He proposed, “targeted steps [per] day over both shorter and longer-term intervention periods while closely monitoring/controlling for nutritional intake and other lifestyle factors to assess the effectiveness of steps [per]day on reducing risk.”
“Ideally,” said Prof. Stamatakis, “the next step in this line of research would be large randomized controlled trials among previously inactive people assigned to different ‘doses’ of daily walking.”
“Such trials — which would ideally last for years — should provide simple and feasible motives to support, empower, and motivate people to meet the prescribed walking dose,” he added.
Prof. Stamatakis said such expensive research is unlikely for now, “Hence, the best available evidence to support daily stepping recommendations currently is large, well-designed observational studies using 24-hour trackers.”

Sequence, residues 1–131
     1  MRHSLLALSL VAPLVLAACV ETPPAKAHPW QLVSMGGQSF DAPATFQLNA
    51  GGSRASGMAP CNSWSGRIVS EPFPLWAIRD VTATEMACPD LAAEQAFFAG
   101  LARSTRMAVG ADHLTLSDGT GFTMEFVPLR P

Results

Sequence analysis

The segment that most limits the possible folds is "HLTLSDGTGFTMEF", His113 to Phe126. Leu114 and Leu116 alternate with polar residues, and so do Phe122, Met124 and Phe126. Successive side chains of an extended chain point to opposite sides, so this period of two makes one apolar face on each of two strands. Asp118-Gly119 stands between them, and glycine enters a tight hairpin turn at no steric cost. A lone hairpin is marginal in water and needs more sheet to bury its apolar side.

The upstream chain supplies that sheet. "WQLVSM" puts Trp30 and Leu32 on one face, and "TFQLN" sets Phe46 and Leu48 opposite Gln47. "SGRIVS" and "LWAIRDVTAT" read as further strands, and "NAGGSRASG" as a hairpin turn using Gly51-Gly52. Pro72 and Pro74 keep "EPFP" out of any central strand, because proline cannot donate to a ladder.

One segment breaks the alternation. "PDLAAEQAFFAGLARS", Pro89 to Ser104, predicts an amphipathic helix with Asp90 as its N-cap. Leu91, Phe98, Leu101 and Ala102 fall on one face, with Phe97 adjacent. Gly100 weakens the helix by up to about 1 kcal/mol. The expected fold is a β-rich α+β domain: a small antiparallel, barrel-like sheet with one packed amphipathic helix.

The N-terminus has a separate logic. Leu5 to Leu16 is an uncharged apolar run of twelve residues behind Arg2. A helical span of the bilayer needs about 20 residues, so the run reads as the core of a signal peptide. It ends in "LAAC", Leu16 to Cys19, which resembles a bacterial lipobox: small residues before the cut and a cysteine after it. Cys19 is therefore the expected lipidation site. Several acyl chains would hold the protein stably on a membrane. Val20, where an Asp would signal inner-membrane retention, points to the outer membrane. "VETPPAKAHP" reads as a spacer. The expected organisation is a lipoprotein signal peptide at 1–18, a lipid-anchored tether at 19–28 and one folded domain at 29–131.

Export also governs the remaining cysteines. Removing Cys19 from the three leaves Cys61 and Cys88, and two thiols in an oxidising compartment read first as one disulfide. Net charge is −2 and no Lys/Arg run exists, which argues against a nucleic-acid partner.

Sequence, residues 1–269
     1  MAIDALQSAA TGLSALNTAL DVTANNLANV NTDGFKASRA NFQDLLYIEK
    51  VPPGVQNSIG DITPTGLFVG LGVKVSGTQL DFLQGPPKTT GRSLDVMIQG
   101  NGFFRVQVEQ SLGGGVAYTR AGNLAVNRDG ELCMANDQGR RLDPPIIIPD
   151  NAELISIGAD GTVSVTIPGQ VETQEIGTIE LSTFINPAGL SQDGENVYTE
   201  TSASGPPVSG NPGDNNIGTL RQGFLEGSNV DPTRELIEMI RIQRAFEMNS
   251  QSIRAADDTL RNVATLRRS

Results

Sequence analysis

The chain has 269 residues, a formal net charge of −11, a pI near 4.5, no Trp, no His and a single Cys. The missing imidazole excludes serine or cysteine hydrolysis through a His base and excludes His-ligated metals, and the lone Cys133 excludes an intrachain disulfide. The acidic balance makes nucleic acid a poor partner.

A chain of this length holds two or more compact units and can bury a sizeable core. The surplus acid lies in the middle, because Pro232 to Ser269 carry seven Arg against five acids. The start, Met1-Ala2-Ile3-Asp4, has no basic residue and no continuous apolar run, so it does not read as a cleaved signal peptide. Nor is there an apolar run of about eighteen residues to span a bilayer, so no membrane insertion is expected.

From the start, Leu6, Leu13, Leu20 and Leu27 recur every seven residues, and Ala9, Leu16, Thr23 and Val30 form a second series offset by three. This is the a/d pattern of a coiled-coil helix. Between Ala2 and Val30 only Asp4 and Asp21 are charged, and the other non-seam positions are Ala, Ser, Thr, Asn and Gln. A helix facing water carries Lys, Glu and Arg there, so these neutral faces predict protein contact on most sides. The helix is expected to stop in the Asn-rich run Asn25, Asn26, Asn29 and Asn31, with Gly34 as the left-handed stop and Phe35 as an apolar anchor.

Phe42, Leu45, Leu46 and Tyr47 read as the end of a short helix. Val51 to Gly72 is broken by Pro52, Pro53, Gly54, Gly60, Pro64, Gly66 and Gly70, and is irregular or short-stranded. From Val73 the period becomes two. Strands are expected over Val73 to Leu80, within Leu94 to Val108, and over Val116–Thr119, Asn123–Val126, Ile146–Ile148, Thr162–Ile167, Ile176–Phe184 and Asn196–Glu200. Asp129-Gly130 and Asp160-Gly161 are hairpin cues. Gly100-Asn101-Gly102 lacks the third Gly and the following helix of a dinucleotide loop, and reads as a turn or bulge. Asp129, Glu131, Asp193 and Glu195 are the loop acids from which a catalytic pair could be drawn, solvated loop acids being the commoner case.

Prof. del Pozo Cruz described monitoring one’s step count and pace without a fitness tracker as “probably hard and inaccurate.”
“[People] can do something simple that can assure some intensity to their steps. They can walk at a pace that makes it difficult to talk. Or they can measure distance and do distance in less time.”
— Prof. Borja del Pozo Cruz
In any event, he added, “It is not a common feature of fitness trackers to give steps [per minute]. Devices with GPS are able to give such metrics, but normally give miles per [minute] or [kilometers] per hour, or even distance per unit of time. With the evidence generated in our study, we are hoping to see more and more steps/minutes metrics incorporated in fitness trackers.”
Prof. del Pozo Cruz concluded that it was “important to stress the idea that every step counts and that benefits of walking start with the very first step.”
“We have provided tangible and practical recommendations that hopefully will give people and doctors tools to promote a healthier lifestyle. Walking is free! And our studies also demonstrate that can get you a long way,” he added.